Countless benefits from a CCV in forced induced cars (diesel or petrol) more power, better ring seal, less blow-by and again, power!

Last edited by 335dsleeper; 11-05-2016 at 11:16 AM..
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      11-05-2016, 02:38 PM   #252
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Somebody's Asleep at the Forum Wheel

Quote:
Originally Posted by 335dsleeper View Post
lol
Yeah, we got something funny going on here, for sure.
Quote:
Originally Posted by 335dsleeper View Post
They need crankcase vacuum, which is what the CCV system does. The turbo inlet creates a vacuum which pulls pressure from the crankcase.
You don't say? You may wish to review this paper published by the Lund Institute of Technology. Please note the word "vacuum" does not appear in it.

Further to your "forced induction" comment...
Quote:
Originally Posted by 335dsleeper View Post
Countless benefits from a CCV in forced induced cars (diesel or petrol) more power, better ring seal, less blow-by and again, power!
From Para. 1.1.3, in part:

Quote:
Originally Posted by Lund Paper
An easy solution to the problem of reducing the pollution from crankcase ventilation is to close the system so that the crankcase gases are led back to the inlet manifold. This works quite well on naturally aspirated engines, but it does not work as well on those with turbocharger.
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      11-05-2016, 03:16 PM   #253
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Quote:
Originally Posted by Nadir Point View Post
Yeah, we got something funny going on here, for sure.

You don't say? You may wish to review this paper published by the Lund Institute of Technology. Please note the word "vacuum" does not appear in it.

Further to your "forced induction" comment...

From Para. 1.1.3, in part:


Are you seriously arguing the how a CCV system works or the benefit of vacuum pulled on a crank case? Like seriously?

Diesels don't make MANIFOLD vacuum.

Does the turbo suck or blow into the BMW CCV tube? It pulls, right? The higher the turbo spins, the more it sucks, right? It's sucking gases from the crankcase. Right? Kind of like a vacuum, no?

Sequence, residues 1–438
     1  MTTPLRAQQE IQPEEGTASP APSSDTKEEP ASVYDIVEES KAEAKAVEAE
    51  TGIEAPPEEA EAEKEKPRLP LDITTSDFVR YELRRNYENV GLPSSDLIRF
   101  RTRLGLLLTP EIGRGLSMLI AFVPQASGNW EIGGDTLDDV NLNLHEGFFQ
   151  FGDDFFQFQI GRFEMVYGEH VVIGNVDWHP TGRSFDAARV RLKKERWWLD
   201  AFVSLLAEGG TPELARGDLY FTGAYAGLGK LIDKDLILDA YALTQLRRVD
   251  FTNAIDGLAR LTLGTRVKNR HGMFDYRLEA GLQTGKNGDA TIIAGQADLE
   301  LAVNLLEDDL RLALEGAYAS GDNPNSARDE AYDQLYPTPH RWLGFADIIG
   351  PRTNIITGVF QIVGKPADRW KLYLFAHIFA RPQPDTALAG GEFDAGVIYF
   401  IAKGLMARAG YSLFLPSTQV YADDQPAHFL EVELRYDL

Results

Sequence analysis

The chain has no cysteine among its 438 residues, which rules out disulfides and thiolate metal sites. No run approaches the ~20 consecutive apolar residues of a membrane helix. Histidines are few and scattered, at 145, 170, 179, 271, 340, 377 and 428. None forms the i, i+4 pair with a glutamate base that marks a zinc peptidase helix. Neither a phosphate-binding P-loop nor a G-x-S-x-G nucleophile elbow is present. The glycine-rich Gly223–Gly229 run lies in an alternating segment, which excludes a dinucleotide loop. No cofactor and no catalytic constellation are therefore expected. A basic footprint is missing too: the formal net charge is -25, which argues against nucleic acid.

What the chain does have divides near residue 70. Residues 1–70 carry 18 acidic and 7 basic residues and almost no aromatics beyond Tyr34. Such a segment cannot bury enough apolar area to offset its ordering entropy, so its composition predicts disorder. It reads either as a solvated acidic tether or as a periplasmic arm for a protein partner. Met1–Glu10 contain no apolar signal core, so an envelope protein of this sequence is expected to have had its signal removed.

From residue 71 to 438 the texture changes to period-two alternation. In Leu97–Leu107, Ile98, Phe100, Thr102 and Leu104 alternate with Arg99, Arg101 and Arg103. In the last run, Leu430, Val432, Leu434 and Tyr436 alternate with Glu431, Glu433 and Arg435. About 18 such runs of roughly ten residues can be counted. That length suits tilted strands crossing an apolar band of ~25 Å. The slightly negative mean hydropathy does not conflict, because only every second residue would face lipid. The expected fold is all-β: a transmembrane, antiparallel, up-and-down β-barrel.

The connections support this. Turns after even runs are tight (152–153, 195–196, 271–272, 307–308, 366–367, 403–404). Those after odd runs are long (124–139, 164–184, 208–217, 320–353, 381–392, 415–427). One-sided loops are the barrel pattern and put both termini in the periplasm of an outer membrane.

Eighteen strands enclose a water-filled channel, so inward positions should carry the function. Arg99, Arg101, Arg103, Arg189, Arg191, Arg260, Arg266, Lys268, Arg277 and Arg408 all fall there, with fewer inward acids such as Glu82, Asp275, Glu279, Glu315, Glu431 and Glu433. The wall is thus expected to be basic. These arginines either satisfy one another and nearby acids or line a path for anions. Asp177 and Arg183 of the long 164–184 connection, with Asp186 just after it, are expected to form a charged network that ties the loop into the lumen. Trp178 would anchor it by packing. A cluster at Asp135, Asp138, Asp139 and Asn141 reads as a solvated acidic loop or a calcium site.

If you read ALL of my post, you'd see where I mention pulling vacuum with the exhaust to avoid pulling blow-by back into the intake. Regardless, both methods work excedingly well in performance application when used in concert with a quality catch can.

Venting to atmosphere will increase blow-by in forced induced applications. Piston ring seal can be weakened without crank case vacuum, boost pressure then passes by the rings leading to increased crank case pressure, blow-by and power loss.

Might want to do a few more google searches, uber!

Last edited by 335dsleeper; 11-06-2016 at 08:58 AM..
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      06-08-2017, 08:58 AM   #254
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14,000 mile drain interval

Haven't posted here in awhile, been driving the car here and there. Extended the drain interval to 14,000 mile to see what happens.
I will send this out to Blackstone Labs for an analysis; don't think anyone did this for the 335d blow by. Curious to see what is in it.

The car now has 100k. Running like it should be.

Interesting thing is the gooey stuff I scooped with the spoon...can't imagine what it does when mixed with EGR.

So far on this custom catch can set up:
3 years +
~50,000 miles
Original Installation (no parts needed replaced)

Next step is to start looking inside the intake manifold for build up indication.

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      06-08-2017, 09:34 AM   #255
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Looks like the same goo found in many of the higher oil change interval engines.

http://blog.**********s.com/15000-mile-oil-change-myth/

I wonder how many of you have seen the document in this article... it states 10k mile oil changes for the newer 535d.
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Last edited by 335dsleeper; 06-08-2017 at 09:41 AM..
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      06-08-2017, 09:45 AM   #256